While the reflex on any Ty Segall adjacent project is to focus on his contribution, in reality GØGGS runs rampant with Chris Shaw’s hand on the tiller. The Ex-Cult singer brings his panic-sweat intensity to the band’s sophomore album, knocking out eleven new visceral body blows that drape power metal in the cloak of ozone churning prog. Where their first album played with themes of experimentation, on Pre-Strike Sweep, they step much further into the darkness of their impulses. Ex-Cult always cut to the bone, with little time for atmosphere or instrumental acrobatics, so its good to see Shaw (alongside Segall, Charles Moothart and Michael Anderson) stretching out into the dust-choked cosmos, basking in the oven temps of salt flat freakouts and digging through the drainage of fuzz deluged swamps.

The band’s clearly been rifling through their heavy psych catalogs – Hawkwind, Sabbath and Captain Beyond waft through – though they’re not lingering long with the Lords of Light, instead churning the afterburner effects of space rock into a kind of sickness that’s infecting their arsenal of punishing riffs. They tend to more often lace up the heavy boots of Sabbath, but the boys replace Ozzie’s hash howl with enough cocaine to tweak him far beyond the Void. The thick cloud of ever-present rumble is punctuated by screaming leads on tracks like “Disappear” and “Morning Reaper.” The latter also contorting itself through a Pere Ubu possession of tinfoil twists before opening the lava gates of molten metal mania. The last album had its moments, but its clear that what’s come before was just a preamble to the sonic assault that’s formed here.

The assembled members have enough catalog between them to knock your luggage over the weight limit and then some, but the way they’ve found egalitarian ground between their respective takes on fuzz-huffing heaviness is key here. Moothart brings the bottom-end blowout of Fuzz, Shaw the wide-eyed intensity that’s his trademark, Anderson snags some of his atmospheric rinse from his days in CFM, and, yes, around it all Segall wraps his adaptive brain and engineer’s ear to bring this all together to an apocalyptic boil. For album number three, the band just need to pepper in their mercurial take on “Planet Caravan” and they’d be set to roll.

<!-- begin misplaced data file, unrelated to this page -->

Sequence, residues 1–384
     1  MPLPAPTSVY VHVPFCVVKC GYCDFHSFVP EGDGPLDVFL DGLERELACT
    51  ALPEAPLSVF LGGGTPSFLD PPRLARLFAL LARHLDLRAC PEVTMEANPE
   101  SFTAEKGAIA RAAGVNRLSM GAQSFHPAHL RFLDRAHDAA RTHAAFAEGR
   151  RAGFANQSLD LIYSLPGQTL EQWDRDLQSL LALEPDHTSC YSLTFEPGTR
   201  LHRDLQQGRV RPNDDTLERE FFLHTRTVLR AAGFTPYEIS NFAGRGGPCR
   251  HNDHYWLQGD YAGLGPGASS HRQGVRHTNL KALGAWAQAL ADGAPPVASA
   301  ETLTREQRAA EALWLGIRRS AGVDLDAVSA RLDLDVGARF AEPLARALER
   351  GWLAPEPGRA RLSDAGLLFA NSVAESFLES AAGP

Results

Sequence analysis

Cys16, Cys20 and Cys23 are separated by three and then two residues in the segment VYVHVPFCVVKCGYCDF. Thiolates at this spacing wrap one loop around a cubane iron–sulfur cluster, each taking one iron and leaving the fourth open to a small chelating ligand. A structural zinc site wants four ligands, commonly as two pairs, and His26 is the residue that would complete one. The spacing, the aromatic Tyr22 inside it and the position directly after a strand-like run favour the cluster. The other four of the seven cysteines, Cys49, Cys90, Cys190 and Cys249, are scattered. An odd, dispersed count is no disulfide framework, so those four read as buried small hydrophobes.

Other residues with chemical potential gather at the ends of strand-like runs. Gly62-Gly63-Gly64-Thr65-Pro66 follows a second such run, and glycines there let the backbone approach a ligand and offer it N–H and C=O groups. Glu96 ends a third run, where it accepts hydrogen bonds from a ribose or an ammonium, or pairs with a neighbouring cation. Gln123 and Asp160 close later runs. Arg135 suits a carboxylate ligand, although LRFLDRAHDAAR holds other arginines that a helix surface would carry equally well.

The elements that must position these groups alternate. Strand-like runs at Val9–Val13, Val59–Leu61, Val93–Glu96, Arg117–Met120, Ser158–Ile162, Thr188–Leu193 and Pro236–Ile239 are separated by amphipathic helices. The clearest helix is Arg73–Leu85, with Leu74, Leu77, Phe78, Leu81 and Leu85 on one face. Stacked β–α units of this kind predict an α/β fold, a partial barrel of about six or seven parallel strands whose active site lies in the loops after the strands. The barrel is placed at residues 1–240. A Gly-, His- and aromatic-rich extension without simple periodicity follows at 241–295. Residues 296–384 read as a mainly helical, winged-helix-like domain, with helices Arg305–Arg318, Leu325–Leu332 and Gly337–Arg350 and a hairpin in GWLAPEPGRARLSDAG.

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Warm Drag

In The Red trades in half a ton of garage that’s streaked by exhaust and choking on fuzz, but with Warm Drag they’re adding some dirt caked dance to the stable. Paul Quattrone and Vashti Windish roll the vamped and Cramped sleaze of garage’s past into a writhing record of mud-splattered garage-electronic. Samplers in tow, Quattrone is backing Windish’s snaking vocals with a hypnotic approach that coaxes some evil desert psych out of the wires. He’s talking up the Bomb Squad as a touchstone, and while there’s some of that unit’s high-octane collage work in the DNA, this is something grittier. Windish makes the most of the spaces between Quattrone’s apocalyptic-Western drags. She peeks from behind crumbling corridors of echo n’ hiss to coax the listener toward each song’s punji pit of ill will.